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The Buffalo Bills have begun negotiations for a long-term contract with quarterback Rob Johnson.

General manager John Butler and Johnson's agent, Leigh Steinberg, met here Monday during the NFL's annual meetings to discuss an extension of Johnson's deal, which is due to expire after the 1998 season. After that, he becomes an unrestricted free agent.

Johnson, whom the Bills acquired from Jacksonville last month for first- and fourth-round draft picks, is scheduled to earn $400,000 this year. On a long-term package, Steinberg likely will seek a salary commensurate with the top-paid quarterbacks in the league, about $5 million or $6 million per season, including a signing bonus of $8 million or $10 million.

"We'd like to work something out with Leigh for Rob for long-term so we can solidify something, especially with these players going from here to there and so forth," Bills owner Ralph Wilson said.

"We're certainly amenable to securing a long-term future for Rob in Buffalo," Steinberg said. "That is his place. That is where he'll hopefully have a 10-, 12-year run. Rob's excited to be there, they're excited to have him, so there's a lot of good will.

"If the position is, 'Let's see how Rob does, and then do the contract,'
that's fine. If the position is, 'We traded for him, we project that this is where he'll be and we want to do a long-term contract,' that's fine, too."

Both sides stressed they are in the preliminary stages of negotiations. However, Steinberg said he intended to have more meetings with Butler before leaving Orlando at midweek, and did not rule out the possibility of reaching an agreement before he departs.

Although Johnson has made only one career start, Wilson said he would like to extend the quarterback's contract before the start of the '98 season.

At the time of the trade with Jacksonville, there was speculation the Bills might want to wait until after Johnson played several regular-season games before offering him a substantial pay increase.

However, the Bills have a strong conviction that Johnson can be the next franchise quarterback to follow in the cleat prints of Jim Kelly. They also know that they have one of the most coveted players in the league.

Wilson said that on Sunday night, when the NFL meetings began, a general manager for another team approached Butler with an eye-popping offer to trade for Johnson. Wilson would not name the team. But there was speculation among league observers that it was the San Diego Chargers, who recently gave up their third overall pick and 1999 first-rounder as part of a trade to move into Arizona's No. 2 slot for a chance to select one of the nation's two premier college QBs -- Tennessee's Peyton Manning or Washington State's Ryan Leaf.

It was also speculated the Chargers were willing to give Buffalo the second overall pick for Johnson, but the Bills refused.

"You would be absolutely shocked at what John was offered (Sunday) night," Wilson said. "They wanted him, they were serious. You'd be shocked. We were.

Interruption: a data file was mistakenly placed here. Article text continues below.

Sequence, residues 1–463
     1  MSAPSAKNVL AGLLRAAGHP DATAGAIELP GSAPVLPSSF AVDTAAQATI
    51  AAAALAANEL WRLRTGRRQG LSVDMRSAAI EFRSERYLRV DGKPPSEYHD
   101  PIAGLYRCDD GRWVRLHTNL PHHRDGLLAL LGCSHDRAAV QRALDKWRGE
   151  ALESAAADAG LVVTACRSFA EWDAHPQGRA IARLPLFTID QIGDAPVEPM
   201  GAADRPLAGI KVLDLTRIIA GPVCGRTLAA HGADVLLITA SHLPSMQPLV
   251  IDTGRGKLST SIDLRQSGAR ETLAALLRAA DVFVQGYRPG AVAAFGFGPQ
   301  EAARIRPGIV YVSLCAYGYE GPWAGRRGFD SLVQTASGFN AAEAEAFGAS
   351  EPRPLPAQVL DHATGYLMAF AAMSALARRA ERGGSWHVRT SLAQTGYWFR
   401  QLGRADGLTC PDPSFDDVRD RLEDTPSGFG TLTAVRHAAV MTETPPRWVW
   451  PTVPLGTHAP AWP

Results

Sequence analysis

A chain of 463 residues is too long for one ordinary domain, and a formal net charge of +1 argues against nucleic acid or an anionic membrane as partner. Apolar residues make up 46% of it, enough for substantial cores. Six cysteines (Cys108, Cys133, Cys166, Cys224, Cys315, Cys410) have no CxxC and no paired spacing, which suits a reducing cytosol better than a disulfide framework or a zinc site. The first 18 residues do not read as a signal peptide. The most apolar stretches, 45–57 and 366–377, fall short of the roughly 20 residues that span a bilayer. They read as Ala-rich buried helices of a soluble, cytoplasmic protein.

"People like the guy. You can't believe the people that would have liked to have had Rob Johnson. The clubs around here that we've talked to are very sincere about that."

That is why Wilson is proud of the Bills' quick movement in making the trade with Jacksonville. Although the deal was officially made on Feb. 13, it was put together several days earlier during the NFL's college scouting combine in Indianapolis.

"We moved fast," Wilson said. "We didn't dicker. Butler said, 'They (the Jaguars) want a fourth-round pick (along with Buffalo's first-rounder),' and I said, 'Give it to them.' If we had dickered and bargained, somebody else would have come in and gotten him."

If the Bills aren't able to agree on a long-term contract with Johnson, they could always make him a franchise player after the season, which would assure that he remain in Buffalo for one more year for a salary equal to the average of the top-five-paid NFL quarterbacks.

But the Bills aren't entirely comfortable with that option after the NFL Players Association challenged the validity of the franchise tag they placed on nose tackle Ted Washington last month. A special master was supposed to rule on it, but before he could, the union and the NFL Management Council reached an agreement that placed a less restrictive designation on Washington, whom the Bills later re-signed.

Tying Johnson to a long-term deal now is a risk for both sides. The Bills could end up parting with several million dollars up front only to see Johnson flop. On the other hand, Johnson could end up having a sensational career, and his contract could be quickly outdated.

Steinberg probably will seek a handshake agreement with the Bills that, should Johnson fulfill their expectations that he will become a top-level player, they will be open to possible frequent renegotiation in order to keep his contract as current and salary-cap friendly as possible.

Steinberg has similar understandings with New England, for quarterback Drew Bledsoe, and Dallas, for quarterback Troy Aikman.

"The challenge is to fashion an arrangement, which takes into account the rapidly changing economics of the NFL," Steinberg said. "In every major contract I've done, what was considered an explosion at whatever time it was done, the market caught up and went by."

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